Get your timings right
Figure out what your minute-mile time should roughly be and try to base your race around these breakdowns. Wearing a watch will make this a lot easier.
As well as helping you achieve your goal time, focusing on the individual miles of your run will help stop you from feeling overawed. The ‘tackle, complete’ routine you adopt will mean your race becomes punctuated with a series of mini-highs.
Aim for a negative split, where you run the second half faster than the first. This will help prevent you burning yourself out early on in the marathon, and help motivate you throughout the second.
If you do find yourself struggling with timings, try to latch on to a person or group running at the pace you’re looking for – they’ll help to drag your weary limbs along.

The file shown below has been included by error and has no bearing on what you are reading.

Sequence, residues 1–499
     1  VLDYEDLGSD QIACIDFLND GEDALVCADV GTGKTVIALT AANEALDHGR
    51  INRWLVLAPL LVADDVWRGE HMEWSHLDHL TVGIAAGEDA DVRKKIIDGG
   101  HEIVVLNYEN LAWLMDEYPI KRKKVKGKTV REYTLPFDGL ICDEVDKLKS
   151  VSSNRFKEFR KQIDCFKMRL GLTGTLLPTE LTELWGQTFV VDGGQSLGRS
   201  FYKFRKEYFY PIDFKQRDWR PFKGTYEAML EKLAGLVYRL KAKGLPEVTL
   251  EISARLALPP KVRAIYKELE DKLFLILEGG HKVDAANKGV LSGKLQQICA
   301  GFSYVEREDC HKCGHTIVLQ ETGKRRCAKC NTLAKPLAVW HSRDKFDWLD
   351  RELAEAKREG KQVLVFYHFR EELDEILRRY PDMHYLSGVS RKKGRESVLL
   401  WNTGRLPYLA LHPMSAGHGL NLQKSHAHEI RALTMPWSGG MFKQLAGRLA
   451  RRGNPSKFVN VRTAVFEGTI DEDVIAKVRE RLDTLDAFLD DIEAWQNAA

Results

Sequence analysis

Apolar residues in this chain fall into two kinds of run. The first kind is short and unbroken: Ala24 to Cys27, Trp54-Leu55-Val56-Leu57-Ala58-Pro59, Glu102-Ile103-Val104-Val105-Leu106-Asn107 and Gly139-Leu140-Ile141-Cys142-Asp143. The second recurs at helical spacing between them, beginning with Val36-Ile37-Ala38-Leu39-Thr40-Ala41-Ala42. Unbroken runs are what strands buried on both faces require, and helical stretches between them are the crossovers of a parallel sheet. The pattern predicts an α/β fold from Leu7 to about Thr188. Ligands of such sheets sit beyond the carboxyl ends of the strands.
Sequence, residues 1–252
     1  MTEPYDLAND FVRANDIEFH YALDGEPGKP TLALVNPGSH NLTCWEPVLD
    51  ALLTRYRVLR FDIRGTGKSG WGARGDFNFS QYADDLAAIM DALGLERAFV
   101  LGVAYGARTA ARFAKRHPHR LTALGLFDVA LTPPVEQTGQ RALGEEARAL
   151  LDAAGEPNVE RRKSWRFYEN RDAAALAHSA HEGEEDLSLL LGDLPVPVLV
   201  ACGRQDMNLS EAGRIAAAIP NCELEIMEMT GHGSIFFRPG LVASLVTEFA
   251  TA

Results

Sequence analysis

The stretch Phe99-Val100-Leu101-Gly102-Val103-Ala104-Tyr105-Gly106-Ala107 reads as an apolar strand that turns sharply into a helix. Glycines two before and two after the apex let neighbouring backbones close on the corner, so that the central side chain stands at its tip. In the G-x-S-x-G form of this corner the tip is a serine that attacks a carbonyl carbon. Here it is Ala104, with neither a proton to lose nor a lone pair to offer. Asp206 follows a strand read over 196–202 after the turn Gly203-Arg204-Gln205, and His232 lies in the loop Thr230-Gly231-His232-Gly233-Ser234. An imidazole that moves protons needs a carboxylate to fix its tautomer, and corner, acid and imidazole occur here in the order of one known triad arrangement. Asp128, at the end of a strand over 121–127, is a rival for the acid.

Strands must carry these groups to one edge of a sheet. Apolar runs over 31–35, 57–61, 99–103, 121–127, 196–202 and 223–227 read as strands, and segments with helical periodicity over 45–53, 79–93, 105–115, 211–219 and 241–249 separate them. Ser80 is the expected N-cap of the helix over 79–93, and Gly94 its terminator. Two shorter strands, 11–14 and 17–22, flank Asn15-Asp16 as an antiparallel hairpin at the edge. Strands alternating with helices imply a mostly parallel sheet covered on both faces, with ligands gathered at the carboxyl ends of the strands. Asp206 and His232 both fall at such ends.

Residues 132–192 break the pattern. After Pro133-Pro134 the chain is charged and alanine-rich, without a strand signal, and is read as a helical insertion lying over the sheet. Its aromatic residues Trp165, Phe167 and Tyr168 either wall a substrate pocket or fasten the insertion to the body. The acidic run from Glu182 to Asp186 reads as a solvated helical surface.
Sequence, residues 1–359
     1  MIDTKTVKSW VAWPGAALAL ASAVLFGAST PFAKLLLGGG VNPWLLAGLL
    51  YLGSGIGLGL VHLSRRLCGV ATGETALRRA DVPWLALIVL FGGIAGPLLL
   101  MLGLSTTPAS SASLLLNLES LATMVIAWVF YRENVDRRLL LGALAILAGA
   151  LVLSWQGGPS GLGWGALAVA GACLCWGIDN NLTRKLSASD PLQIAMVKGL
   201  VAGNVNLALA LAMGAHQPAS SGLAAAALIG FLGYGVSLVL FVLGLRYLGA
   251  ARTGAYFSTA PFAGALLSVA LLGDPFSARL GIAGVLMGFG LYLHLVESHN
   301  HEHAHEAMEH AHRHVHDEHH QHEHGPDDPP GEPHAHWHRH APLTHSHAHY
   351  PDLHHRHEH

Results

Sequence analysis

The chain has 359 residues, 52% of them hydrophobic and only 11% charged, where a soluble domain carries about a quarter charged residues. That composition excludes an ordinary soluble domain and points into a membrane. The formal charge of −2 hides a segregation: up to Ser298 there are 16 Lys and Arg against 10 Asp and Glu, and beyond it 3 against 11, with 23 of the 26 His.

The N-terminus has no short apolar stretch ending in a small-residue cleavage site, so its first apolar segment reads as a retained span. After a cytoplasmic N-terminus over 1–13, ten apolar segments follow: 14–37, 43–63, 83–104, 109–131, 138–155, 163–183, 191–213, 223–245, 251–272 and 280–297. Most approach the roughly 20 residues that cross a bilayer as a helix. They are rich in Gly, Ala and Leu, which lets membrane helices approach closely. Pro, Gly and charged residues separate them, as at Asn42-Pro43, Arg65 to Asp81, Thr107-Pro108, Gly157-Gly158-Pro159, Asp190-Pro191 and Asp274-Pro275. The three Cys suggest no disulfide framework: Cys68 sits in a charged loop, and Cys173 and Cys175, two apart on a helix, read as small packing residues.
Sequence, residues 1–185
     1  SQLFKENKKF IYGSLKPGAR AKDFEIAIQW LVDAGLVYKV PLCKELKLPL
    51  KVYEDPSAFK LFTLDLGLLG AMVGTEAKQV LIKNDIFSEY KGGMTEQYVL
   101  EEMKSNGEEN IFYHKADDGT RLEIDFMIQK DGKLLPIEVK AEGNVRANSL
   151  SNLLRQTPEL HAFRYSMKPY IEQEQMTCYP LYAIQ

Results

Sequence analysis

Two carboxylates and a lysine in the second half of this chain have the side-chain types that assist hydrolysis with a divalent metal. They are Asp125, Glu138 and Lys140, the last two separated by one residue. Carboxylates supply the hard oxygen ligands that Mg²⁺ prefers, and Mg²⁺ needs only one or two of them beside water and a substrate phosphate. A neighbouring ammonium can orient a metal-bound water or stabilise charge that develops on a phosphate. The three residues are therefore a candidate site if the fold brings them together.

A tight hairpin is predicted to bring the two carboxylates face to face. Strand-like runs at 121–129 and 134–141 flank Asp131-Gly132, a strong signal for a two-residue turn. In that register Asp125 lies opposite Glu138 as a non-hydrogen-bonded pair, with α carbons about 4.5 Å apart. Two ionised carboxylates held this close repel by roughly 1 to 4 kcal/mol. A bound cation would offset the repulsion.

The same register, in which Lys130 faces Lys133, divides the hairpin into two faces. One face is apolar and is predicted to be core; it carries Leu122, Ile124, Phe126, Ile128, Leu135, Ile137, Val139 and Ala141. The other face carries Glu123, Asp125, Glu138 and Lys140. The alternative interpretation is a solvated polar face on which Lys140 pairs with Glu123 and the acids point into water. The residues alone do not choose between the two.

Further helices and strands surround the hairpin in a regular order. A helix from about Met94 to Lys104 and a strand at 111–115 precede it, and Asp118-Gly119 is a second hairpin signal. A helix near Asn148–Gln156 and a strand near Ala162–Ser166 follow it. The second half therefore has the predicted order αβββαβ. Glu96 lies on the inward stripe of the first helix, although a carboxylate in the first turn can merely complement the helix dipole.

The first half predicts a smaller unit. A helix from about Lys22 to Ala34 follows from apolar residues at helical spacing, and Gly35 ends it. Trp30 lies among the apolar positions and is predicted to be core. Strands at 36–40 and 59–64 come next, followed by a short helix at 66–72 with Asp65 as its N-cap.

If you’ve bought lovely new kit for the big day, make sure you’ve worn it in beforehand. That way, you’ll start your race knowing it won’t rub your nipples to within an inch of their lives, and you’re sure it won’t whittle your thighs down to the bone. The last thing you need is 26 miles of agony. As a general rule, a marathon is not the place to wear anything or try anything new.
Another handy little titbit is sock-related. If you turn these inside out, the seams won’t rub on your feet. Sounds silly. Isn’t. Your feet are the ones at the coal seam, so look after them!